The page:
How it started :  The idea was conceived on a Twitter conversation between @ThatAndromeda (US), @theREALwikiman (UK), @janholmquist (Denmark) and also supported by @JustinLibrarian

Result:  Raised over £1500, enough to buy a permanent library in India and a mobile library in Africa . People forked out money via PayPal so definitely in this case , physical action resulted. I’m curious whether most of the who helped were librarians or not. 

Charlotte Mecklenburg $2 million in 1 week campaign  

Why they did it : The Charlotte Mecklenburg Library planned to close 12 libraries and fire 148 workers because of a reduction in funding.


What they did : Campaign to raise $2 million in 1 week by March 24, 2010 to make up for shortfall in budget. Among other efforts a Facebook Page was setup to solicit for donations.

How it started :   Unclear, probably started by library

Result:  Did not reach target of $2 million in 1 week, but reached over $200,000 which is still impressive. In the end all branch libraries remained opened with shorter hours, there were pay cuts and 48 layoffs at least for now.

Other stories

Other cases that you might be interested in includes Marketing a Levy Through Social Media , which chronicles Columbus Metropolitan Library (CML) use of social media to get a tax levy passed and New York Public Libraries invitation to Improv Everywhere to re-enact a famous GhostBusters scene  to raise awareness of budget cuts. 

A note about library related hashtags on Twitter

The ALA Chapter Office has a nice series of pages on advocacy efforts for libraries and suggests the following best practice

Follow CRO on Twitter at http://twitter.com/ALA_CRO. Find and send tweets on saving libraries with #saveSTATElibraries; for example, #saveconnecticutlibraries, #savemichiganlibraries, #saveohiolibraries. Also include #savelibraries in the message. If you send out tweets to save the libraries in your state, please send a note to dwood@ala.org.

Unfortunately while I can track the amount of tweets made for these hashtags, I can’t check if they actually trended as Twend.it goes back only to May 2010.

Some notable ones in terms of volume include #savelapl (432 according to Topsy as of Jan 2011), #saveohiolibraries (1,584 according to Topsy as of Jan 2011). Of these only #saveohiolibraries might have sufficient volume to trend and indeed that was the intention, but I don’t see any evidence it actually did.

Realistically speaking I suppose only the generic #savelibraries is likely to trend? Since two or more libraries who happen to be campaigning at the same time (like the two UK libraries)  will have sufficient volume to push it up? Twitter trending depends on factors such as velocity of tweets and uniqueness compared to normal volume so it’s not very clear even if this is true.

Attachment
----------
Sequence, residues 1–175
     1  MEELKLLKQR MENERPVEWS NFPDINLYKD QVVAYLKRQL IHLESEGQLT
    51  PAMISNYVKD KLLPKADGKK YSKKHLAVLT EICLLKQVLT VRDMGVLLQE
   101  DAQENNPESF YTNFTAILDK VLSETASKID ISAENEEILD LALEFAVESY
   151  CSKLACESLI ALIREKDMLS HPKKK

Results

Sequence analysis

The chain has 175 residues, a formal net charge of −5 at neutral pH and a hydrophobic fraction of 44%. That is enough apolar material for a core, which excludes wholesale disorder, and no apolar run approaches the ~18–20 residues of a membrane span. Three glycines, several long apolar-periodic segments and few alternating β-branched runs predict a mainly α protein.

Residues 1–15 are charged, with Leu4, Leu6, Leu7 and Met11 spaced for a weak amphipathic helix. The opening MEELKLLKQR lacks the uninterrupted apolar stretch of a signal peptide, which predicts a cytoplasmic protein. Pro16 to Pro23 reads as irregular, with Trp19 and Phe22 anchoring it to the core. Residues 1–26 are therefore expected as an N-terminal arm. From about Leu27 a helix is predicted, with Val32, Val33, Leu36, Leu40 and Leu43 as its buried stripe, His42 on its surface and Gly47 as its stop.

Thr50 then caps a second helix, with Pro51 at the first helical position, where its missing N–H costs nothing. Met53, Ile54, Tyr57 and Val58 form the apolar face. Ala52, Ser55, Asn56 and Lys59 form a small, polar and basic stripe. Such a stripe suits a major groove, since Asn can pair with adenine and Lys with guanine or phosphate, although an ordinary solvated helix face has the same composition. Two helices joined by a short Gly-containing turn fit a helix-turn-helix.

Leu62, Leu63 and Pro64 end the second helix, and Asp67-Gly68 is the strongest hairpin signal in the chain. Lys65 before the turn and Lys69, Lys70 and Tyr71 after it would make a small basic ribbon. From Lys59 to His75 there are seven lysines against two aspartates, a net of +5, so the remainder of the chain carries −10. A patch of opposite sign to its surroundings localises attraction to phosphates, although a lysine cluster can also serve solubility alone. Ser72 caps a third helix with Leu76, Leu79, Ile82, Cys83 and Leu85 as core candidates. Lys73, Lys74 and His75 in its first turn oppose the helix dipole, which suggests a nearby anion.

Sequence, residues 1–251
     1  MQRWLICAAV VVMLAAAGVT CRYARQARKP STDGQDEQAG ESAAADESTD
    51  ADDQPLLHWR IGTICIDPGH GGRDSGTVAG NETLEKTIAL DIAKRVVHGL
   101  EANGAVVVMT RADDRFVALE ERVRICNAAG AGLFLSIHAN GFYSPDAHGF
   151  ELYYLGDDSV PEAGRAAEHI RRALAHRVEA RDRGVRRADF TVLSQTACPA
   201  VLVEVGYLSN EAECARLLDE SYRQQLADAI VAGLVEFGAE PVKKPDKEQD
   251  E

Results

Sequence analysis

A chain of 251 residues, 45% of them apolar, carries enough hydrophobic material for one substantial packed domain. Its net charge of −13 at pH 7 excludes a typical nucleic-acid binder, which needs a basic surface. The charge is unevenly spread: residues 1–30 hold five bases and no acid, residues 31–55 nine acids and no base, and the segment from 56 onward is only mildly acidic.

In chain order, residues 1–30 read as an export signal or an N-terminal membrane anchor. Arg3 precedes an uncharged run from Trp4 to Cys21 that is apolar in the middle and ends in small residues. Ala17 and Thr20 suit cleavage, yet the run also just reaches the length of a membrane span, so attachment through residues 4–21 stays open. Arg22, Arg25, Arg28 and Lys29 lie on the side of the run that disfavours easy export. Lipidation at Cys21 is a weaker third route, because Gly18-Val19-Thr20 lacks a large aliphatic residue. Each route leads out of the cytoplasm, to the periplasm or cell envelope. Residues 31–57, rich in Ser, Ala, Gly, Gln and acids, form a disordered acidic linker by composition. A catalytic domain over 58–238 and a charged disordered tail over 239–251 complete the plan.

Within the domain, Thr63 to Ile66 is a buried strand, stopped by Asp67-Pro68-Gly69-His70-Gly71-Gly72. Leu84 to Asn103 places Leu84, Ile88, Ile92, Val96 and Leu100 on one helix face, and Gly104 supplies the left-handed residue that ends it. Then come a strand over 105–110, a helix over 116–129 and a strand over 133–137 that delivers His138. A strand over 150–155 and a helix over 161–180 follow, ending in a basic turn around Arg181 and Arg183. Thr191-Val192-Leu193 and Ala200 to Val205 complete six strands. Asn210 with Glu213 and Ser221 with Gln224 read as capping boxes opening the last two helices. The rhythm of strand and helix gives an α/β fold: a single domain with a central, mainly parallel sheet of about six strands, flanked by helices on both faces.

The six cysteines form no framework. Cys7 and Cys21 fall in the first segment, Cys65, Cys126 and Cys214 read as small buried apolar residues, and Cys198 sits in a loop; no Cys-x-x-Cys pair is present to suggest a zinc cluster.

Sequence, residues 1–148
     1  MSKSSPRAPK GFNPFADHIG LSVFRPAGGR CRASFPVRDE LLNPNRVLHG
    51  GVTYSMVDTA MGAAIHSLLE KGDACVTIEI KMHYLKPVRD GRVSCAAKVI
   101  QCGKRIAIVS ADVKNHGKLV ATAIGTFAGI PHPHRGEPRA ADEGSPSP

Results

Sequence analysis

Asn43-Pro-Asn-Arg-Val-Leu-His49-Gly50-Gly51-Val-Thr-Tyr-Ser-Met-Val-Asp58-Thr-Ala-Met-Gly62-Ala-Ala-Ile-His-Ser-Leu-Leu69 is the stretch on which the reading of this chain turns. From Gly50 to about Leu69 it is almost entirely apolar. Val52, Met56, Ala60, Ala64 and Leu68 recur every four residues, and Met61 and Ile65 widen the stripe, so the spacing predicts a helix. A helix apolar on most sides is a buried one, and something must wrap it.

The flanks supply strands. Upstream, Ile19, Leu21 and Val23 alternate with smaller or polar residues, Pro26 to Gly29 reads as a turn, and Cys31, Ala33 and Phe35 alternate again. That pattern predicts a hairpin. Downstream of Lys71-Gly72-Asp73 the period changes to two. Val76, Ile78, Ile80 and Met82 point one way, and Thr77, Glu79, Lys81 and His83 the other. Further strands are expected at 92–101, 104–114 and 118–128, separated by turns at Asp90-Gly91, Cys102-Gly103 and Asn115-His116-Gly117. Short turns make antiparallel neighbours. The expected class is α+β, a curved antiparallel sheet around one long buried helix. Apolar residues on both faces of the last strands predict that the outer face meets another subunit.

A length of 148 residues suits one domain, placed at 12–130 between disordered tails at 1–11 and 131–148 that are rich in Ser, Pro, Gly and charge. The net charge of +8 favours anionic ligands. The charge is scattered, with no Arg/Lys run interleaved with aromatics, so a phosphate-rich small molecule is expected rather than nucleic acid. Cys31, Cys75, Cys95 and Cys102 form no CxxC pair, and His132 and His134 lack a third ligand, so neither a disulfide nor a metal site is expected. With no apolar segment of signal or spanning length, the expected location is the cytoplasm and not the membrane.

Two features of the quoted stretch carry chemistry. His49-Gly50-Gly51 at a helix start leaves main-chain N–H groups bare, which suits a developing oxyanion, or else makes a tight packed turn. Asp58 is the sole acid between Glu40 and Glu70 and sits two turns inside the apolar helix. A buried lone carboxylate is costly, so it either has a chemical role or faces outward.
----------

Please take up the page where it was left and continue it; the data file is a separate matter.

Honorary mentions

The following social media campaigns are on less weighty issues other than the survival of the libraries but have resulted in some degree of traction if not among users at large but at least among librarians internationally


Started by @emijnsbergen, @kenniswerker, @adaerts, @lukask, @poulus @wbk500 to declare October 1 2010 to be follow a library day. Users would be encouraged to mention his favourite library on Twitter. Started mainly from Netherlands but later spread internationally.

“Overall more than 7000 tweets were made. We found 12 inspiring videos on YouTube from librarians about the day that attracted a 1000 views in a short time span. Our seven promotion films on YouTube attracted 3000 views.” Source . Not to mention dozens of libraries supporting this.

Started by @Wawoodworth & @catagator. Similar to #followfriday, the idea here was to recommend librarians on Twitter to follow. Andy recounts the story here. Currently according to Topsy there are over 500 such Tweets

A Day in the Life of a Library

Started by @librarianbyday to encourage library workers to share their day or week by tweeting, bloging, post pictures or videos. This is currently in it’s 6th round! For rounds 4 and 5, 343 library staff registered themselves at the project wiki , if you include the previous rounds there must be at least 500 posts or items created by librarians to support this project. That’s a lot of real world work!


There are no doubt many other successful social media campaigns by libraries and librarians, some are accidental such as Andy taking a chance by asking Old Spice to talk about libraries or a Cambridge Librarian catching the fancy of the internet world by commenting on portrayals of Jedi librarians . How does one measure the “success” of these campaigns? How much can one attribute success due to social media? For instance while the Wot No Books’ campaign/Save Stony Stratford Library seems to be mostly driven by Facebook, the idea could have being conceived and executed even if Facebook didn’t exist.

Another thing I noticed is that in the 4 cases above, 2 were actually ideas initially conceived spontaneously by non-librarians. Not sure if that has any significance.

source via http://musingsaboutlibrarianship.blogspot.com/2011/01/4-successful-social-med…  by Aaron Tay a librarian at the National University of Singapore – NUS Libraries Tq